Bestselling author Neil Gaiman throws support behind University’s Sir Lenny Henry Centre for Media Diversity


Fans of bestselling author Neil Gaiman are being invited to take part in a global prize draw to win signed and bound editions of his books to fund research being carried out by Birmingham City University’s Sir Lenny Henry Centre for Media Diversity (LHC).

Gaiman, an award-winning fiction and comic writer, has donated leatherbound autographed copies of his books Coraline, Neverwhere, and American Gods which can be won via a Crowdfunder prize draw.

Birmingham City University Chancellor Sir Lenny Henry explained:

Last month, Sir Lenny offered the public a chance to enter another Crowdfunder prize draw to win a Fender guitar previously donated and signed by all Coldplay band members, with funds raised being used to enable the delivery of new research, grants and action.

Visiting Professor Marcus Ryder, Head of External Consultancies at Birmingham City University’s Sir Lenny Henry Centre for Media Diversity, added: “As we approach the second anniversary of the centre, we’re also stepping up our research with industry and academia into media diversity issues across the British – and global - screen industries.

“To date, the LHC has commissioned a number of impactful reports, produced cutting-edge research and recommendations, undertaken deep dives into keys issues affecting creatives from across different stages of their career, contributed to important diversity in media conversations at national and international level, and are working to ensure change happens within media at all levels.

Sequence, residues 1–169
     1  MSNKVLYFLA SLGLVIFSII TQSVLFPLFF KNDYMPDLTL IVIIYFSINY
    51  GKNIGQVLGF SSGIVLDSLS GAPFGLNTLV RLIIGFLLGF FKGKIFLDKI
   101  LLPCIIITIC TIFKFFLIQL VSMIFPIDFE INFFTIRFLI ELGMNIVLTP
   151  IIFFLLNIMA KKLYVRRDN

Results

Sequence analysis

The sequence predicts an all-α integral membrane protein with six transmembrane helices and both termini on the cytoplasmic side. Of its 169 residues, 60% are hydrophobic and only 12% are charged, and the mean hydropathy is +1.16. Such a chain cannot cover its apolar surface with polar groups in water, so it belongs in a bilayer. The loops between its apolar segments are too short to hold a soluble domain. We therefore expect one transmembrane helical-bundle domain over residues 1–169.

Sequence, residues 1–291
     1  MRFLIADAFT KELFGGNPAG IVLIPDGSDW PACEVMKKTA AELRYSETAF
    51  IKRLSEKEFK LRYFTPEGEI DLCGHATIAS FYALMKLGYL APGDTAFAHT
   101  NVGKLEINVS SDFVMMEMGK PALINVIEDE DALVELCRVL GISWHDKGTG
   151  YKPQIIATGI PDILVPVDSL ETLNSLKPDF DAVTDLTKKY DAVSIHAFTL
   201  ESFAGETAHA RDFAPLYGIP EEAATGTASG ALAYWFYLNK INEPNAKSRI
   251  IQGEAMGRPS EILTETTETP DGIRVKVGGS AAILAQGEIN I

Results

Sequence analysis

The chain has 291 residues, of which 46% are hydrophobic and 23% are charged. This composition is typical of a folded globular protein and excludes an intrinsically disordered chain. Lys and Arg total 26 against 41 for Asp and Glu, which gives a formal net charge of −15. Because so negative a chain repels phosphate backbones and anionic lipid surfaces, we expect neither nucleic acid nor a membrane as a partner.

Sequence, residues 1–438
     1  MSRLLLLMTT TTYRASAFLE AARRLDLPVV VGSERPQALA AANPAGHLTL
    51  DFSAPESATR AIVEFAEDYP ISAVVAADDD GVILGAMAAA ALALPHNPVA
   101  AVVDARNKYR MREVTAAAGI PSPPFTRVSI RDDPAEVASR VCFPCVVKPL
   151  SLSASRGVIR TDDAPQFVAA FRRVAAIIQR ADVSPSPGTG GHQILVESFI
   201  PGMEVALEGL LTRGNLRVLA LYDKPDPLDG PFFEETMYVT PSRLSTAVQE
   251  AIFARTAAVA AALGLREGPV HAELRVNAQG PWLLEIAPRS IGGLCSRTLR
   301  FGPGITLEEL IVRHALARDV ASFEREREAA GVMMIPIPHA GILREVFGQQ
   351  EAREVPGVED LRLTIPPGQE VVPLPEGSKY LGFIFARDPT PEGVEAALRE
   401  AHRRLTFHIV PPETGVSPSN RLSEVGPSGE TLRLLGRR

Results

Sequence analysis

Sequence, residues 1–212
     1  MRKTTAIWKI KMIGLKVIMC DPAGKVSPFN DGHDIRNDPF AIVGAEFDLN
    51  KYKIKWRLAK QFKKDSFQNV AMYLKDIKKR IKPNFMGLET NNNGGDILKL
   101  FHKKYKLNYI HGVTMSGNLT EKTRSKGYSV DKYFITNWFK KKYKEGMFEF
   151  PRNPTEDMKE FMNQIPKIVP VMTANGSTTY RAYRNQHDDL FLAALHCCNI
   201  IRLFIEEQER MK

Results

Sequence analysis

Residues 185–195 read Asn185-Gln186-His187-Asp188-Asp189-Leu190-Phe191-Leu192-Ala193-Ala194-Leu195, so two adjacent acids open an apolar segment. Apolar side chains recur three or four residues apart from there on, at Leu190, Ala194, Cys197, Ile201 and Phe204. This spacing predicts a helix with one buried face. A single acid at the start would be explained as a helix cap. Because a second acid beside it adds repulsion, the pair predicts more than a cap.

“All money raised through our latest Crowdfunder initiative will be used to provide grants for LHC research and activity which promotes media diversity both in front of, and behind, the camera.”

Since its inception almost two years ago, Birmingham City University has funded nine key research projects through its Sir Lenny Henry Centre for Media Diversity, including a collaboration with Cardiff University and work with Channel 4.

The Centre has published important research findings, examining the portrayal of Black people in UK documentaries, the use of the term BAME in broadcast media, and how entertainment trade unions should provide better support for their members of colour.

It carries out an array of independent activities including offering Practitioner Investigating Media Industry Diversity grants to industry professionals, while it aims to further expand its work to ensure the media better reflects UK society.

To enter the prize draw to win a signed and bound copy of Neil Gaiman’s Coraline, Neverwhere, and American Gods visit the Crowdfunder page

Return to the previous page.